For that reason, Hunchback really needs some comic relief, and although I sort of like the gargoyles, they don’t really do it all that well. Most of what they work out is in parody, and it’s not the sort of parody that travels well on repeat viewings. Jason Alexander’s Hugo is the most hit-or-miss of the bunch; sometimes there’s just too much of him for comfort, but even now I’m pretty sure that “Pour the wine and cut the cheese” is the French pledge of allegiance. The movie also tries to pull Kevin Kline’s wry soldier, Phoebus, into the fray for laughs, and for my part I’ll laugh just about whenever he talks; the back end of his repartee with Esmeralda ends with him looking at her pet goat and making a crack about her having a kid. On the other hand, Phoebus rather less useful for that purpose when he’s the only person standing up against Frollo committing some atrocity, or when he’s doing the sort of beneficent rabble-rousing that only he, by benefit of his rank and handsomeness, can perform. The funniest lines of the movie are thus the ones which are most unexpected. They snuck “Damnation” into a kid’s movie by using it as the “D” in Quasimodo’s alphabet, and by the time you realize that’s happened he’s already saying “Eternal damnation!” with Fred Phelps’ glee at the phrase. There’s nothing wrong with trying to incorporate humor alongside the movie’s bleaker moments (insert patronizing comment about Shakespeare), but one wishes for humor that landed rather than glanced.

#13
The Rescuers

1977, directed by Wolfgang Reitherman, John Lounsberry, and Art Steven

When you lack something, you unfailingly see how others have it. A person with bad teeth sees everyone’s flawless smiles in commercials. A person who has just been dumped sees couples everywhere. Penny, an orphan, watches from the deck of this old riverboat as the light goes out around her. A doe and her fawn nibble at the grass. A bird returns to her chicks in the nest. She cries. A star shines on the water and makes it opalescent, which lightens her face a little—she’s seen such a star before—but when she returns to her sad little bedroom she cannot even pray a very personal prayer without being overtaken by her sadness. “And please,” she says, face nearly in her bedsheets, “let someone find my bottle. There’s a message in it, because running away isn’t working.” She doesn’t know that her rescuers are already on that same riverboat, although she is, not without reason, a little dubious of them. Talking mice they may be, but they are a little small. “Didn’t you bring someone big with you?” she asks. Not long afterward she is sure that with some faith, they will be able to break her out of her bayou prison. Penny is every little girl, beaming through her missing teeth when she’s happy, ruinously depressing when she’s sad, and off her rocker when she’s frightened. Though this is a movie about talking mice and their pilot albatross buddy and a mess of literal swamp creatures, it’s a kidnapped little girl who’s at the center of it, broad enough for her to be anyone’s little sister but still specific enough to be Penny, whose last moments of the movie are joyful and a little odd. After being adopted and being cheered by the other kids from the orphanage, she hijacks the broadcast long enough to send out greetings to Bernard and Bianca, clearly naming them as mice.

I feel like I talk about The Rescuers every time I talk about gorgeous animation, and maybe I could give it a break here, but when the movie wants to be pretty it becomes absolutely dreamy. I get sleepy just thinking about that autumn light that floats onto Penny’s window at the orphanage while she and Rufus talk about the special providence in the presence of a bluebird, how it rises past the ochre buildings and the denim blue laundry and into a bluer-still sky where a single star twinkles. Who knows what winding route Orville takes Bernard and Bianca on as “Tomorrow Is Another Day,” which is sung by someone I don’t recognize but who may as well be Judy Collins, plays in the background. The shots of cliffs above the water, a town that is lit by a rainbow by evening and the small comforting blip of electric lights by night, farmland, a lighthouse: it’s all lovely. It’s why this movie feels calm, even a little slow, despite the fact that it’s definitely not. The villain drives a weird boatcar thing which makes enormous clouds of smokes and eats birds. She screeches at her assistant while cuddling her grunting, organ-playing alligators. One of the most memorable characters in The Rescuers is named “Evinrude,” which is not a joke I think I would get today if if I hadn’t been told why it was funny in like, 1998; needless to say his name is fitting. But despite all the mayhem that actually does occur in this movie, it’s a picture defined by its quietest and most intimate moments.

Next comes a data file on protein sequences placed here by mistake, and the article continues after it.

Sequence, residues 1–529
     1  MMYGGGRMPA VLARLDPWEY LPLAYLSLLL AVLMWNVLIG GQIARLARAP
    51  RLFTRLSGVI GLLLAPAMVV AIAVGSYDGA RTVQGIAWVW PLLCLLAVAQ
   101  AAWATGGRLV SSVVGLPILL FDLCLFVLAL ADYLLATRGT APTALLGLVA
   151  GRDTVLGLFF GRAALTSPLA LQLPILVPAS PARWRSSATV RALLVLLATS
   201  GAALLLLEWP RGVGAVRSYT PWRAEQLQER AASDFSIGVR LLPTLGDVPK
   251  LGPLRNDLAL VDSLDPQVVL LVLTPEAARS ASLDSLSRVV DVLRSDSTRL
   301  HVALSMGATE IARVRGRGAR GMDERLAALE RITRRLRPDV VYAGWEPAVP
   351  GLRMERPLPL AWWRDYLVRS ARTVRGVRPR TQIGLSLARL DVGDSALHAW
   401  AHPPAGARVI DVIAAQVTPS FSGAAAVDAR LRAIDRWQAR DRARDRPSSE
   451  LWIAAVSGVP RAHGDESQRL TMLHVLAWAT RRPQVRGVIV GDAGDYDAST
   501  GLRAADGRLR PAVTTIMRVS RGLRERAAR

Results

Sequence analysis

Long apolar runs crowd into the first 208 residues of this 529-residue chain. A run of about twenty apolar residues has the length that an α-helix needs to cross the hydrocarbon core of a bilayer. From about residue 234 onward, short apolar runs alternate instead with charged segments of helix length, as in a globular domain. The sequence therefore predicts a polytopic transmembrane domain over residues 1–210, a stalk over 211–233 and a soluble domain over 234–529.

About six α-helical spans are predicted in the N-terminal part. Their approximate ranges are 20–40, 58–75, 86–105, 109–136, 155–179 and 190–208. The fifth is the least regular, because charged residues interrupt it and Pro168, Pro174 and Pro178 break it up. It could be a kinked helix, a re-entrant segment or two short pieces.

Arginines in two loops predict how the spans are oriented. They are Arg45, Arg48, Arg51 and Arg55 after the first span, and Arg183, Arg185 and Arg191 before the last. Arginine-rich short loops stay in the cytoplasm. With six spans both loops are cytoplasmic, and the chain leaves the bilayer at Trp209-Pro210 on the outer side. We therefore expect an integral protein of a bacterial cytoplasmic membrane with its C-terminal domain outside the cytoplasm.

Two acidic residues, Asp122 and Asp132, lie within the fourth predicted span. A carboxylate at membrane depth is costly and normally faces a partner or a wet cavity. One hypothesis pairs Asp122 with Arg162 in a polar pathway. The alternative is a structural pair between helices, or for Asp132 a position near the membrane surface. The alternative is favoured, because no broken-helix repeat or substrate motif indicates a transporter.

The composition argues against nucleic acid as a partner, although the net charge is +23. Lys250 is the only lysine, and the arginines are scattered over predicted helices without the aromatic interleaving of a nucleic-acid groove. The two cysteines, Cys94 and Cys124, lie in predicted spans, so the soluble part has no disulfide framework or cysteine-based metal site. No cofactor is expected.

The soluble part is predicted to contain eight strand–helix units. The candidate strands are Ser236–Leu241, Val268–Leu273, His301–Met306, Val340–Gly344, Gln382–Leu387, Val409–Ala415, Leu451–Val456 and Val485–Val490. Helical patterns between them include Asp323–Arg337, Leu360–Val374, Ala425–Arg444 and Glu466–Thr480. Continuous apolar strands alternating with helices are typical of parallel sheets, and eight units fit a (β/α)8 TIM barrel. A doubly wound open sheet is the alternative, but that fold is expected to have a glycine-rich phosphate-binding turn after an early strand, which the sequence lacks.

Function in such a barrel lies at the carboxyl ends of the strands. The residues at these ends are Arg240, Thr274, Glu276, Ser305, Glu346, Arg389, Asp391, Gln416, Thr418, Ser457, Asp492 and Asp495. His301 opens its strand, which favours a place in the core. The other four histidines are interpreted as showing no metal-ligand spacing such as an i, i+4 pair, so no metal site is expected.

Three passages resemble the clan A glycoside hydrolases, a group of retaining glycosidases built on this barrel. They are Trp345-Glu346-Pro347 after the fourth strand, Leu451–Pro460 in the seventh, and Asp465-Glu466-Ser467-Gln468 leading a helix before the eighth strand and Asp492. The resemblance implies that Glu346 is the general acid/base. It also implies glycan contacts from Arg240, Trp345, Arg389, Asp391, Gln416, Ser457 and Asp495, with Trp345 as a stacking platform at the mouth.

#12
The Little Mermaid

1989, directed by Ron Clements and John Musker

It’s a little sad to say goodbye to Ron Clements and John Musker, who are probably the premier Disney directors. Between them they’re responsible for seven Disney movies, one more than Wolfgang Reitherman. People like Hamilton Luske and Clyde Geronimi and Wilfred Jackson have their fingerprints on more movies, but few of them are of the same overall quality as the work of Clements and Musker. Their greatest accomplishment is their second movie, The Little Mermaid, which points the way for nearly fifteen years of American movie animation. Where Oliver & Company had always been a little grubby around the edges, scruffy in the same way that movies from the ’70s on had been scruffy, The Little Mermaid is clearly delineated and brightly colored; Ariel has none of the rough edges of Oliver, for example, and in their hands even a scene where the heroine surrenders her voice to a sea-witch can be lit up like the Vegas Strip. After seeming to forget that songs give the animators a little more room to express themselves, The Little Mermaid is the first Disney movie in two decades to flood the plot with musical numbers which are easily the best part of the movie. (Is this the best Disney soundtrack? That is another list, but even if you’re a believer in some other Disney Renaissance movie or one of the oldies, The Little Mermaid has to be given a lot of airtime in any such debate.) Nor is The Little Mermaid afraid of using computer animated sequences for effect (such as Giant Ursula’s rise from the deep) in the way that one of their later productions, Aladdin, would use it for the escape from the collapsing Cave of Wonders, or Beauty and the Beast would use it to create a gorgeous falling shot from a chandelier. The Little Mermaid isn’t up here because it’s influential, though that doesn’t hurt, and Clements and Musker deserve about as much credit as one is comfortable giving to the directors of an animated feature.